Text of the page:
The United States oil and gas rig count jumped by 15 this week, to its highest level since September 18, 2015, according to Baker Hughes’ latest report on domestic drilling activity.
The number of oil and gas rigs currently active in the United States now sits at 839, which is an increase of 396 year over year.
Prices seemed undeterred by the ambitions of US shale count this week, likely in part due to Canada, which lost a total of 23 rigs this week, more than offsetting the additional rigs in play in the United States.
Prior to the Baker Hughes data release on rig counts, oil prices had spiked to a one-month high less than a day after President Trump ordered missile strikes against Syrian military infrastructure in response to a chemical weapons attack for which security sources held responsible the Bashar Assad government. By 12:25pm EST, WTI was trading up almost 50 cents on the day at $52.18 and Brent trading up 0.62% at $55.23. This jump in WTI is about $1.75 more than the prices one week ago.
The number of oil rigs in the United States increased this week by 10 to 672, compared to 354 a year ago. The number of gas rigs also increased by 5 to 165, up from 160 last week and 89 a year ago.
The weekly rig count provided by Baker Hughes is an interesting animal. The data is scrutinized by traders and the oil and gas industry as a whole, and as such has the power to sway markets to the same extent as oil inventory data by the API and EIA. However, the number of rigs in production—particularly since the price of oil bottomed out in February 2016—does not necessarily correlate to production.
Instead, the rig count is seen as a reflection of industry sentiment. As prospects look up, more industry players invest in bringing new rigs online—the real mover is not the fear that more rigs translate into significantly more production, or fewer rigs equates to less production—it’s the notion that bringing on more rigs means that drillers have a positive outlook for oil.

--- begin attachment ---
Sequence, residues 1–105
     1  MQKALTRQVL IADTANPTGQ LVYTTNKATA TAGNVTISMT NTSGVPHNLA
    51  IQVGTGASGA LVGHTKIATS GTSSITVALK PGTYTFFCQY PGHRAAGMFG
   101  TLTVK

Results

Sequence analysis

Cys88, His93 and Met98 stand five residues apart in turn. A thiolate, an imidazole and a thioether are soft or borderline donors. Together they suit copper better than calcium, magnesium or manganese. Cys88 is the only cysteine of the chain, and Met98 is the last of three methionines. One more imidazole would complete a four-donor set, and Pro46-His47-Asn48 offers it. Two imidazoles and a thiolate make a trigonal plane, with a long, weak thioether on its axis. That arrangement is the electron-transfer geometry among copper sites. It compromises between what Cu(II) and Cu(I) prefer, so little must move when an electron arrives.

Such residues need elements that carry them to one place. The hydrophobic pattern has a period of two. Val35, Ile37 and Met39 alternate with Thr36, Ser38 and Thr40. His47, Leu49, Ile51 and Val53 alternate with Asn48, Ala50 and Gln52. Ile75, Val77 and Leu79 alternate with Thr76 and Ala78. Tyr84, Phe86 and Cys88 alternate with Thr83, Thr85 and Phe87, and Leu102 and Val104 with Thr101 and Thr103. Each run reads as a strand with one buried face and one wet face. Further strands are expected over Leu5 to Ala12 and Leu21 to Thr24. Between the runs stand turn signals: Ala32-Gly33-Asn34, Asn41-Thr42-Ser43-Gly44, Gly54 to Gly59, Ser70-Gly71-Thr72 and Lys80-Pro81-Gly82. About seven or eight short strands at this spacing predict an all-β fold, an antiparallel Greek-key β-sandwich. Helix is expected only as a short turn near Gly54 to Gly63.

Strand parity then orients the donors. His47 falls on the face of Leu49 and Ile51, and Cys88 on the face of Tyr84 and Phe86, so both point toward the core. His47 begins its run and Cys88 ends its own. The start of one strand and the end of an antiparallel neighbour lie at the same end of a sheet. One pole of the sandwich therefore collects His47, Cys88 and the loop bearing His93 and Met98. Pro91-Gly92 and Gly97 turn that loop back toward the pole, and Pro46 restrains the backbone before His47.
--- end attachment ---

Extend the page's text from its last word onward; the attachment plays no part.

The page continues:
The real market mover, therefore, is the change in the count, not the actual count itself. After all, in the most prolific U.S. basin—the Permian—there were almost 300 completed wells as of the beginning of March, producing almost 10,000 BOE per day. Compare this to March of 2014, when the Permian had twice as many completed wells but was cranking out only about 6,500 BOE per day.
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And while rig-count bemoaners chastise U.S. shale for quickly bringing more capacity online, fearing that this will limit price increases in the industry, it must be acknowledged that this is indeed the precarious nature of the free market system—as prices rise, so does industry confidence. As industry confidence rises, so do investments. As investments rise, so does capacity, and as capacity rises, production soon follows, lowering prices. Likewise, as prices fall, so does investor confidence; as investor confidence falls, so does capacity; as capacity falls, production falls, and prices eventually rise. Such is the circle of free market life. And as the wise Tracy Turnblad once said, you can’t stop the beat—even if you’re OPEC.
As has been the case for weeks, the Permian Basin saw the most number of rigs added again this week, bringing 12 additional rigs online after adding 4 last week, now at 331 versus only 142 rigs a year ago.
By Julianne Geiger for Oilprice.com
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